The two chief sponsors of a Vikings stadium bill are expected to unveil their plan Friday with formal introduction to the legislature early next week.
After weeks, maybe even months, of delays, Sen. Julie Rosen and Rep. Morrie Lanning are expected to submit their plan for a Vikings stadium bill today, according to the Associated Press. The formal introduction of the bill to the Minnesota Legislature could come Monday.
Both Rosen and Lanning are Republicans, but the bill is expected to have bipartisan support from both lawmaking chambers.
According to an outline of the bill released earlier, it would be designed to have a roughly one-third split in financial responsibility for a new stadium between the Vikings, the state and a local government.
The participating local government would be allowed to bid to be the site of the stadium and could use local taxes, including a sales tax hike up to a half a percent in the area, and hospitality taxes.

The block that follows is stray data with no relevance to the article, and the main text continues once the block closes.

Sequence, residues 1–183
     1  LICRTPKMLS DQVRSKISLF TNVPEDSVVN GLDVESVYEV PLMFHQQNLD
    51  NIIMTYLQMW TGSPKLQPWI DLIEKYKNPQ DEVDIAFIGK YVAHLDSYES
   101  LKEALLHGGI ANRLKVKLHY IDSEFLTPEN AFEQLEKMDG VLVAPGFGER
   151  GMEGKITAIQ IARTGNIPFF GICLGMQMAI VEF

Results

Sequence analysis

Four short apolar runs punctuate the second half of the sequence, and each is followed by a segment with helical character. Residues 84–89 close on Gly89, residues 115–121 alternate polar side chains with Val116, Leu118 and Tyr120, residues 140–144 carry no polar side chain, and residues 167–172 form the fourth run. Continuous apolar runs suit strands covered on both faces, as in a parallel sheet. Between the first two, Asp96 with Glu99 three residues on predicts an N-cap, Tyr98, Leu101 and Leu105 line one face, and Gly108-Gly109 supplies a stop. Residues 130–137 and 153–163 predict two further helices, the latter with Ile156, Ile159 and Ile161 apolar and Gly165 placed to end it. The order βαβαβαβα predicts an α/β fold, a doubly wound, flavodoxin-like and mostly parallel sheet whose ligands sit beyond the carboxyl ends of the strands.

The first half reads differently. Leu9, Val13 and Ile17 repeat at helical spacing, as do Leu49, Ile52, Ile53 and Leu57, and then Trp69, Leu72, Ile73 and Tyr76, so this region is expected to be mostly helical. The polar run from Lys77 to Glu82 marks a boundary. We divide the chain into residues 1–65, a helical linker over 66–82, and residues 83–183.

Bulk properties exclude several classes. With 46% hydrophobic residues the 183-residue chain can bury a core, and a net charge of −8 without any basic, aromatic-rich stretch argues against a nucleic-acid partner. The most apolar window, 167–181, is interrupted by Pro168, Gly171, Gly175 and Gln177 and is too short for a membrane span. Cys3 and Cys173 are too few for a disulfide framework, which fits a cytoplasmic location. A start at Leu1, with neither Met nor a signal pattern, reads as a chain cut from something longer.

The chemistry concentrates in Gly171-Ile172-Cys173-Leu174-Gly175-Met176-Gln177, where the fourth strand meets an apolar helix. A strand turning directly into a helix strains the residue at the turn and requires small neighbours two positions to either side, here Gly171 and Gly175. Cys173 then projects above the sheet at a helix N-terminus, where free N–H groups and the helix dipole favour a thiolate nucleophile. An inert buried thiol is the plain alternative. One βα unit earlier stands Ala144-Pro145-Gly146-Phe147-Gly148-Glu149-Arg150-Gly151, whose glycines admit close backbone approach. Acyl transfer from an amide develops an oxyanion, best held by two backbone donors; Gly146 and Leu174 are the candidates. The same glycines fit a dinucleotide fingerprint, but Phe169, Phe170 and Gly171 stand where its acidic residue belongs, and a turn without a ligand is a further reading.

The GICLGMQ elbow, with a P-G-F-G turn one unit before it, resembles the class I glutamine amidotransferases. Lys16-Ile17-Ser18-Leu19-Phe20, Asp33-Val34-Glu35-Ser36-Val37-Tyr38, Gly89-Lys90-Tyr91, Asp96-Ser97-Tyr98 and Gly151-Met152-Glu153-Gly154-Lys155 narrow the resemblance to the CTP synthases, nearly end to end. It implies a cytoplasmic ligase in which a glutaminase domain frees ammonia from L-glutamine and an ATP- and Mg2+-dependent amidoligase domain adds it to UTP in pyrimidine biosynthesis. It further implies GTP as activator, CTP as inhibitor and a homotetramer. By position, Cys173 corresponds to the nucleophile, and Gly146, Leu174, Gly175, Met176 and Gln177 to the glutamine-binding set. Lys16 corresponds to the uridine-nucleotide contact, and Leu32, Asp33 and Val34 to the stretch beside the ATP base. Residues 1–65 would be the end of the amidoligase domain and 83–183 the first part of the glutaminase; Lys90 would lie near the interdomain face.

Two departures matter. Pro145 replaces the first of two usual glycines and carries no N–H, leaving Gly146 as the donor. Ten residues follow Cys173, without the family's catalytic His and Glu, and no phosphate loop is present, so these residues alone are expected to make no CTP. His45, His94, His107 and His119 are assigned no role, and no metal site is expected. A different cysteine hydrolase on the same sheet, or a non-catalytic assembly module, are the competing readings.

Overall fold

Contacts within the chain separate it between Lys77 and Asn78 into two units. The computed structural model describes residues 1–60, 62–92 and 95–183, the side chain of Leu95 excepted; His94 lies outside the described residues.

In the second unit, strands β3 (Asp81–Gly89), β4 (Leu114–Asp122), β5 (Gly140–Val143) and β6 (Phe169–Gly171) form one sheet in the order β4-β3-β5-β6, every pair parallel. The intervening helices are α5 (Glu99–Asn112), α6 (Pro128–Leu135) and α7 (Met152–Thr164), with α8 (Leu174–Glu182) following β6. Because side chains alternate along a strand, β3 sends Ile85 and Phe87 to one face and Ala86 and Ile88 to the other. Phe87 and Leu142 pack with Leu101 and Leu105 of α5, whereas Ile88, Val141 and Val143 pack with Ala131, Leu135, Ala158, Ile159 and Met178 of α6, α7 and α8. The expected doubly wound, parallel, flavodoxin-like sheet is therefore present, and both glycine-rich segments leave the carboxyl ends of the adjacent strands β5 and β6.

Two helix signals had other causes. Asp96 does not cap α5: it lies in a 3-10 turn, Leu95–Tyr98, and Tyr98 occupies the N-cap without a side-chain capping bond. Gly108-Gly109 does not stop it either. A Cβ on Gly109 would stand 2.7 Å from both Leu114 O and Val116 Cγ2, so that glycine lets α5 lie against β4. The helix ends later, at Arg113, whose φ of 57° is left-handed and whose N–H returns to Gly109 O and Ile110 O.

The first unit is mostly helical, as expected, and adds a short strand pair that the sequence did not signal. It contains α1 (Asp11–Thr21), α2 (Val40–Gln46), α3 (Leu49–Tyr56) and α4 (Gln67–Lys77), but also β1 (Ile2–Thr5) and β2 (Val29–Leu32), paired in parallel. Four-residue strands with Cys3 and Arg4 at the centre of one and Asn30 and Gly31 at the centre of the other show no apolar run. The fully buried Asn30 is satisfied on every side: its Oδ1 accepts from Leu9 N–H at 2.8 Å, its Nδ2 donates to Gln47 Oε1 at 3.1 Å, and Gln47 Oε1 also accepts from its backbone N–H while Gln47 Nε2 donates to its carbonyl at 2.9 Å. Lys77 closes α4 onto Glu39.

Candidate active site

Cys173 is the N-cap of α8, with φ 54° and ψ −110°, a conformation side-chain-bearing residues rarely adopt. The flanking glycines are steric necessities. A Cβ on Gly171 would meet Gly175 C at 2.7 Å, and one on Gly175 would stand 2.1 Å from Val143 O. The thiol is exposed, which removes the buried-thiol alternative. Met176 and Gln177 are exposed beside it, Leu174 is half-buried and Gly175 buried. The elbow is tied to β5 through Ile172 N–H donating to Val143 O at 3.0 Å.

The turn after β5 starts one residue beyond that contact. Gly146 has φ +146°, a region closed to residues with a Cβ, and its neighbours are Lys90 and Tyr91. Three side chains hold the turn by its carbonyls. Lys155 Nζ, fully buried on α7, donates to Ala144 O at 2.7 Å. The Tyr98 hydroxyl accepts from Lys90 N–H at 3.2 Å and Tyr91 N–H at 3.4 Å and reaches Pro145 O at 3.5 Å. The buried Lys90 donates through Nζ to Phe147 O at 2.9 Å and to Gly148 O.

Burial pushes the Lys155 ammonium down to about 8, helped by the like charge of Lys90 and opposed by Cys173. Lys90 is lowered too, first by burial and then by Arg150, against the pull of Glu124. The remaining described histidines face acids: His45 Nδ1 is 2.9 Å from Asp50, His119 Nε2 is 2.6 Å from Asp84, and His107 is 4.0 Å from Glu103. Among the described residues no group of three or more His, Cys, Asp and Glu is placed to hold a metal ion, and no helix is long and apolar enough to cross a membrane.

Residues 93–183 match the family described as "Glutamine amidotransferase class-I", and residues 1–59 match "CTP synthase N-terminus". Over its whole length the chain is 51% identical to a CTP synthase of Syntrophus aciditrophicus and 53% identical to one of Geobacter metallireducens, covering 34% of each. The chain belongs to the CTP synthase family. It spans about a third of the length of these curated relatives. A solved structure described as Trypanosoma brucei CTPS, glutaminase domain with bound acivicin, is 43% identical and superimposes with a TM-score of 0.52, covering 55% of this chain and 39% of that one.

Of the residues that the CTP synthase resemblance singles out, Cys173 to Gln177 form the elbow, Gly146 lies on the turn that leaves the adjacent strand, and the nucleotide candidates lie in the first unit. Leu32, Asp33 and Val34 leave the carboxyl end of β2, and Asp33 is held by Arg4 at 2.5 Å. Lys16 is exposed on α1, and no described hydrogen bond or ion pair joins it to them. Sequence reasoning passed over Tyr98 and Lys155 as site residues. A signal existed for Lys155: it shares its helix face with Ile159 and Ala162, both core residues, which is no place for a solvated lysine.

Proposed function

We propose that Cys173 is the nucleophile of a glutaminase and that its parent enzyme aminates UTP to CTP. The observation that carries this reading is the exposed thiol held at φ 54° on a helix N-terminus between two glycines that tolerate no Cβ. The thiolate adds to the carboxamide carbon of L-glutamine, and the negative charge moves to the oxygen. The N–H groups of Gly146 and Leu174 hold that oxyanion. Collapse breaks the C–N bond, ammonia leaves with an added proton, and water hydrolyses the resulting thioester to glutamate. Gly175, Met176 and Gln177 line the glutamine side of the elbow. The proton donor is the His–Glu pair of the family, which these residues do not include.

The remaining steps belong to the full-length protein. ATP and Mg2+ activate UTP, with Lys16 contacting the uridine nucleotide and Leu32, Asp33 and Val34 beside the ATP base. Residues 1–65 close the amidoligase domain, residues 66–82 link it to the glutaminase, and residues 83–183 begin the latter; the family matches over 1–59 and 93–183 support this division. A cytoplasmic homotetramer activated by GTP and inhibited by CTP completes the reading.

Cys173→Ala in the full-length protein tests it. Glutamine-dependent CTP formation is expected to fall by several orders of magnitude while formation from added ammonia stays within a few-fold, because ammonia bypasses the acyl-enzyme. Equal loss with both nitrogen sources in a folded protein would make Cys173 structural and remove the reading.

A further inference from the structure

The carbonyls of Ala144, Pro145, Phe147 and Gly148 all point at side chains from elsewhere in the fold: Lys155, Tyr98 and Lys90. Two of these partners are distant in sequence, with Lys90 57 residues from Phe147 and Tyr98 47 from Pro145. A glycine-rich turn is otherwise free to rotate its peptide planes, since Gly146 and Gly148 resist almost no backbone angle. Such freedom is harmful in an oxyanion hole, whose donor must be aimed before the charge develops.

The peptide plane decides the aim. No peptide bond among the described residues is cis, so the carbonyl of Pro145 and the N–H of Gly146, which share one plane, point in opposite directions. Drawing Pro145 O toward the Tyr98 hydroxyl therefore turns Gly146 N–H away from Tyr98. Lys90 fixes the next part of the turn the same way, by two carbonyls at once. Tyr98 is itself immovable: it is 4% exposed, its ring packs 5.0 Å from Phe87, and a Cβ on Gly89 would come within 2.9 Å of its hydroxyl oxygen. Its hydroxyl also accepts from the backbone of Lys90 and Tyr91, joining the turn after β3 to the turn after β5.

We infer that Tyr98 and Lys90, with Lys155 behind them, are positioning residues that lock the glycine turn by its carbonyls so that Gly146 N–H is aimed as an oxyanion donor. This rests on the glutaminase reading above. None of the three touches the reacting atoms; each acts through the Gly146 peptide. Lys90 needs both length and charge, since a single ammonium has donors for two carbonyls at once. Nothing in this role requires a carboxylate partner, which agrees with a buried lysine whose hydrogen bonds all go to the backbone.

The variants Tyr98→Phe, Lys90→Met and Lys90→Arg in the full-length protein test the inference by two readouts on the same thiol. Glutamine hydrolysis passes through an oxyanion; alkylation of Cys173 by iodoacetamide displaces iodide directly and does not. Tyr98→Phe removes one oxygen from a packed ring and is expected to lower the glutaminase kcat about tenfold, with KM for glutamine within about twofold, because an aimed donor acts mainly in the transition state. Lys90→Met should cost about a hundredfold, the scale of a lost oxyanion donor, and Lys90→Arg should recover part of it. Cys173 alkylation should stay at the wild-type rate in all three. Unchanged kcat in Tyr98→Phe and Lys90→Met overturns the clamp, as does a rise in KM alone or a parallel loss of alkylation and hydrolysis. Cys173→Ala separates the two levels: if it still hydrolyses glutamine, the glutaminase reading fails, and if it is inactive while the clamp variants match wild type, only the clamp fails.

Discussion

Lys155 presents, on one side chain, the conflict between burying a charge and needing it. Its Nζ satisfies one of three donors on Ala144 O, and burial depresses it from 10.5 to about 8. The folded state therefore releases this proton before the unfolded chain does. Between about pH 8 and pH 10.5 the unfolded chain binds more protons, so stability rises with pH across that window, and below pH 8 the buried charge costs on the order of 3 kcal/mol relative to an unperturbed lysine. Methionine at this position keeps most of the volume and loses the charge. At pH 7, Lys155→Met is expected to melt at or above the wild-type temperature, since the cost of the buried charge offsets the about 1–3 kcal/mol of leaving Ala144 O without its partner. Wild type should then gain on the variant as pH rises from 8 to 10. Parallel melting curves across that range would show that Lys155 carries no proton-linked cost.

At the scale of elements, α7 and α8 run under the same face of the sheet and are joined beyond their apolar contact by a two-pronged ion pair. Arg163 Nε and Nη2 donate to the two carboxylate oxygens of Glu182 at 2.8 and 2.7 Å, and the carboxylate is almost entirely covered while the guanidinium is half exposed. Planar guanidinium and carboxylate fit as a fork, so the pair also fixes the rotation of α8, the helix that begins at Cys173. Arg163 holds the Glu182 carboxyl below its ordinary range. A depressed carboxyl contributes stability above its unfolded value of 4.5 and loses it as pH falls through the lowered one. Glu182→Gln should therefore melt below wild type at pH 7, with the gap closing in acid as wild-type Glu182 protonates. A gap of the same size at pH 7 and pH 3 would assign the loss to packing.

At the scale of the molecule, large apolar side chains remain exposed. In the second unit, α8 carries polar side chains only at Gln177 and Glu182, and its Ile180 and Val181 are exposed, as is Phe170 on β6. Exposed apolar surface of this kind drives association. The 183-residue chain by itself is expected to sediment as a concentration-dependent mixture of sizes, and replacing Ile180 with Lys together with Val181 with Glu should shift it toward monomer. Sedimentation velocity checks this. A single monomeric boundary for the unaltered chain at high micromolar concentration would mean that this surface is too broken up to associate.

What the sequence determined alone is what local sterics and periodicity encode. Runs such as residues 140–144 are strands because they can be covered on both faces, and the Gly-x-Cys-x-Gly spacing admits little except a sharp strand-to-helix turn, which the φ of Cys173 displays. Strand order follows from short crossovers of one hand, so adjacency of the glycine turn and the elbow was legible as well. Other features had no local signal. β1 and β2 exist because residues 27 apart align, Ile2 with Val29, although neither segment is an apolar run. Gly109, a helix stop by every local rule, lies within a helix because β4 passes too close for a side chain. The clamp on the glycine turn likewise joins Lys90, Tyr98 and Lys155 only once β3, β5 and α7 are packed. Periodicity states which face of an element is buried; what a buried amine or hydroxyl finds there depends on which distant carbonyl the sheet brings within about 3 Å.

The state share, roughly $250 million to $300 million, could be made up by selling bonds, using a Vikings-themed lottery scratch-off game, or using a sports-memorabilia tax, among other user-based fees.
In addition to their initial share of the stadium costs, the Vikings would be responsible for any cost overruns.
While there has been little to indicate the Vikings would take a cornerback in the first round, they did meet with Colorado CB Jimmy Smith, according to the National Football Post. What makes the visit interesting is that no mock draft have Smith coming off the board in the top half of the first round, lending some credence to the belief that the Vikings will entertain offers to drop in the first round to accumulate additional picks later in the draft.
After claiming that the Vikings stadium would be introduced this week, so far now bill has come forward in St. Paul.
From the bizarre marketing ploy department comes this. There are tours that are going to be given between now and November of the Metrodome with those willing to pay the $4 cover charge being able to leave with a souvenir – a piece of the torn Metrodome roof. It seems almost like giving away a piece of the charred Hindenburg remains, but there's no accounting for what serves as a collectible.